King was ready to report for service any day, if only the draft board would address him properly. Now, he wants to come home, and a judge may clear the way.
In the mid-1950s, King was granted deferment from the draft board because he was in graduate school. Throughout his entire correspondence with the board, he was referred to as 'Mr.,' and 'Sir.' But when he finally paid a visit to the board in person - and it was discovered that he was black - his deferment was ended.
Adding insult to injury, King says the board also started calling him by his first name, rather than afford him a courtesy title, as it had done before it was known that he was African-American. So he went back to Europe - this time without Uncle Sam's blessing - and when he returned to the U.S. again, he was sentenced to jail.
So he left again, with little hope of coming back.
"To be parted from anything that is very intimate to one is a pity," King says. "Especially when it's unnecessary, so unfortunate."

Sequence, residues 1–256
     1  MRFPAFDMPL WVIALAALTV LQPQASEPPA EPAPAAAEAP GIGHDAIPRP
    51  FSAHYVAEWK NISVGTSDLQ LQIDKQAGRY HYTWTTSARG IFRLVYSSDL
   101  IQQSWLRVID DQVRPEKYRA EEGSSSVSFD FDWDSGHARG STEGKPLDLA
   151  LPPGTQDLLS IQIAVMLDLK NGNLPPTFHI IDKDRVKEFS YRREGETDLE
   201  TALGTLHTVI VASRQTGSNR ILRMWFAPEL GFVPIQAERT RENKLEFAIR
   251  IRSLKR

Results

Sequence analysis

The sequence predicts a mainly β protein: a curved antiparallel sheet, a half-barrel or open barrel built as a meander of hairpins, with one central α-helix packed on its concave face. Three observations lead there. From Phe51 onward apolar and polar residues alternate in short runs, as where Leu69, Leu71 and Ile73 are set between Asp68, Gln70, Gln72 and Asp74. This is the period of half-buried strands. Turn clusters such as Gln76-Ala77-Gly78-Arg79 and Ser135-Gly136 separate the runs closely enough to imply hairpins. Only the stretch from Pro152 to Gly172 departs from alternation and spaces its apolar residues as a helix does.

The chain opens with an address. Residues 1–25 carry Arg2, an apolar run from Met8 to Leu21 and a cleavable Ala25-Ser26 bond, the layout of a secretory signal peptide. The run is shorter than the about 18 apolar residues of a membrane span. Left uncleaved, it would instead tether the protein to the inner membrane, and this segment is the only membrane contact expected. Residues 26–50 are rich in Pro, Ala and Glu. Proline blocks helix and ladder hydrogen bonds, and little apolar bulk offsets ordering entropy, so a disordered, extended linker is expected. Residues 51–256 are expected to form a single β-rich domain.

King has built a good life for himself in England, where he is a professor of political philosophy at the University of Lancaster. But he longs to return to the U.S. to see his family and to participate as a new federal building in Albany, Ga., is dedicated to his brother, civil rights activist C.B. King.
Recently, federal judge William Bootle - the same judge who tried to put him in prison years ago - changed his tune and began calling King a hero rather than a draft-dodger.
"I have come to the conclusion that it would be appropriate to invite him back home - and that would mean to wipe the slate clean and grant him a pardon," the 96-year-old judge, who is retired from the bench, said in a recent interview.
King expressed happiness upon hearing the judge's words.
"It's gratifying to think the judge...should have the courage to come out as he has done to say that that whole process was basically a mistake," King says.
The judge's change of heart aside, the law of the land has still not changed with respect to Preston King.
"There is an obligation on authorities manning the frontiers of the country to arrest me," King says. "And I wouldn't expect them not to."
Even if King came back tomorrow and the U.S. welcomed him with open arms, there would still be pain: while in England, he missed the funerals of his brothers in the United States.
For now, King must be content with the knowledge that the Justice Department is reviewing the case.